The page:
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Foundations: What If It Were Koch Or Soros Doing The Funding?

image from www.olympicforest.org Longtime readers of this blog already know about and care or don't care about the Gates Foundation's enhanced role in what's politely called advocacy work, but what about the role of independent and mainstream blogs in mainstream news reporting, and what about the use of the tax code to further political goals?  Sam Dillon's NYT article on the Gates Foundation's much-expanded advocacy work (Behind Grass-Roots School Advocacy), along with the figures and annotations accompanying the 990 form notes that a revealing Gates Foundation memo appeared on Valerie Strauss's Washington Post blog and quotes Ken Libby, the 990-loving blogger who first uncovered the mis-spending within Green Dot, as well.  That's one glimmer of hope, I'd say (unless of course it turns out that they're getting Gates money).   As for the underlying issue at hand -- are Gates and these groups violating their IRS tax restrictions -- you might want to check out this Steve Krigman article on the recent brouhaha (When "educating" is the same as propaganda) and imagine it's the Koch brothers or Soros doing the giving. Image via.

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We already beat you to imagining a School Board by its funding. Check out our logo and not official letters from notyetLAUSD on our blog. Yes we are nascent, contradictory, and terrible at grammar. We are the teen angst offspring of reform.

an interesting comment cross-posted from my other blog:

Sam Dillion's NYT piece on the Gates connection is a very good example
of investigative journalism. But, I must say what Bill Gates is doing
is little different than the most powerful amongst us have done in
America since the turn of the century. Bill Gates like the robber
Barons of the past have a direct interest in creating or re-creating a
productive and low cost work force. Mr. Gates is also not bad person,
his intentions are consistent with the basic values of our nation which
are driven by our competitive market economy, he wants public sector
education to be in sync with our nation's economy.

If there are some people, like me for instance and Mr. Dillion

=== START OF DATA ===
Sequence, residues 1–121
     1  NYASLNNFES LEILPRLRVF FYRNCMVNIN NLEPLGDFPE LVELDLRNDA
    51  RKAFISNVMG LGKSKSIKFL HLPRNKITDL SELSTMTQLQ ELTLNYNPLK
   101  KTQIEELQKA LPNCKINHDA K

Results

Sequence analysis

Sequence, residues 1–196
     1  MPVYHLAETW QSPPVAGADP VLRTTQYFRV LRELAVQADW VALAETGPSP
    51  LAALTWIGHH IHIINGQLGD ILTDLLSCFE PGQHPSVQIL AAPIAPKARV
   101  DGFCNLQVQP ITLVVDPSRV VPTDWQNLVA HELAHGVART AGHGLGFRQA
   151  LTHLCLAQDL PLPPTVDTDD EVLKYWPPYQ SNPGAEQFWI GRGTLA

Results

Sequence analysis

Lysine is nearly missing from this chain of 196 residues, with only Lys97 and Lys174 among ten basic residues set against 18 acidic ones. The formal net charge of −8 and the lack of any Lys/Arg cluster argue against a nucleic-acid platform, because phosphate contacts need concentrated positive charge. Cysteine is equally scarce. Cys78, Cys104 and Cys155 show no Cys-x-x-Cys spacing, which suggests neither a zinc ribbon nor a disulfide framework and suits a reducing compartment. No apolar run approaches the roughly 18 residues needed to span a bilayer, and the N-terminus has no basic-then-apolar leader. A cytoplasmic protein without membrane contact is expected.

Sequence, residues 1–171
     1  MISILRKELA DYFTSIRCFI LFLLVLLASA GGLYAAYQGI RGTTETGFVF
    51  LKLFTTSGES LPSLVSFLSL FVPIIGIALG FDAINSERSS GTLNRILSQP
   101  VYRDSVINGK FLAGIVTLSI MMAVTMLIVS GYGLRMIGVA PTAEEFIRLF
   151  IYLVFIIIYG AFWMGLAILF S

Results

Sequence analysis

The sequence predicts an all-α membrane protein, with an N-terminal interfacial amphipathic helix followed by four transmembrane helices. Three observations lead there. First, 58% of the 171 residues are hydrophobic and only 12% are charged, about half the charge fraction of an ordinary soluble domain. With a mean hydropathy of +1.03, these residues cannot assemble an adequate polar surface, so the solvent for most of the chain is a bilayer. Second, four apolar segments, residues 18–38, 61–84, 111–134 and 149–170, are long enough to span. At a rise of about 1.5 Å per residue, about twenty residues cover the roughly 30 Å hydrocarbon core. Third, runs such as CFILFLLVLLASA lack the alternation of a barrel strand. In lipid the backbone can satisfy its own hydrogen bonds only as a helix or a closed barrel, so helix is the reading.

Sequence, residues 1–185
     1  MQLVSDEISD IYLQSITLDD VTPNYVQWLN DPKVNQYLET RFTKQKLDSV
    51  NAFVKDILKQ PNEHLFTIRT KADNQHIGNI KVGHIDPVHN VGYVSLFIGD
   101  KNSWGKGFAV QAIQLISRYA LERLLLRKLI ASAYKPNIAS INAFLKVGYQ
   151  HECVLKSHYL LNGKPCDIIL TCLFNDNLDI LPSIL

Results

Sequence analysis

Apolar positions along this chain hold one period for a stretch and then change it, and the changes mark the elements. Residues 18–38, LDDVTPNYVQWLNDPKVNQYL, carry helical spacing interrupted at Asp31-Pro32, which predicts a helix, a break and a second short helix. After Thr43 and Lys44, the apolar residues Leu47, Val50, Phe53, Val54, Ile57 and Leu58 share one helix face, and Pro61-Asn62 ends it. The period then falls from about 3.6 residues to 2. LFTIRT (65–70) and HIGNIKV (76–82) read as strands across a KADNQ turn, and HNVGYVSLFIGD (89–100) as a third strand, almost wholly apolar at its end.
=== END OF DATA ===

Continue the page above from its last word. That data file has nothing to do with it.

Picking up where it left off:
possibly, who have some real qualms over Mr. Gates power in the field
of public education, then we really have a larger issue. We have qualms
over how the foundations of our economic system dictate public policy,
effectively we question what is the moral fiber of American capitalism.
Very dangerous thoughts indeed.

Mr. Gates like the Foundation for Educational Choice, which is the
leading supporter of private school vouchers in the nation, is deeply
influenced by Nobel Laureate economist Milton Friedman's arguments over
the relationship between economic competition and what Dr. Freidman
called liberty. As Friedman put it: ?It is only the tyranny of the
status quo that leads us to take it for granted that in schooling,
government monopoly is the best way for the government to achieve its
objective.? Friedman in the 1960s and 1970s was seen by many as a
free market extremist has now ideologically become very mainstream.

Mr. Gates is part and parcel of a core ideology of our nation. This is
why in terms of philanthropic work Mr. Gates is very similar to Mr.
Broad, and is also very similar to the Walton Family Foundation who the
poster before me cited. Effectively all of the wealthy supporters of
educational improvement are largely on the same page with very limited
disagreements. They have a largely consistent ideology.

There is great fear amongst many educators to take the next step and
look at the larger picture, because after all the vast majority of
educators in the nation most likely voted for President Obama whose
Department of Education has worked closely with the Gates Foundation
funded groups on its Blueprint for Reform the Reauthorization of the
Elementary and Secondary Education Act and Race to the Top. To put it
and forthrightly like Karl Marx did in the 1840s the ruling ideas are
the ideas of the ruling class. Marx was by the way at that time not
attacking capitalists, but describing their ascendency over royal
rulers that were obstructing the creation of a full blown modern market
economy.

Whereas, those supporting a more or less traditional public education
system not driven by competition among schools, and teachers for
students based on the product they deliver are ideologically
fragmented. Most opponents to the Gates takeover of public education
policy are fearful of becoming seen as opponents of the extension of
the ideology of the market to public education because it may put them
in opposition to the core ideology of our nation and the freedom and
liberty that Dr. Friedman espoused. I think Sam Dillion is too fearful
of going too far with his critique and he went as far as he could in
the article.

Rod Estvan

Such a great blog i find many new things in it thanks for the post

For me a big part of the problem of "reform" is that by encouraging turnarounds and school closings, they caused the firing of many teachers who had good performance ratings. I wish that advocates like Gates and others would put their influence into improving the teacher evaluation process, and then making sure that those who have good ratings are not fired.

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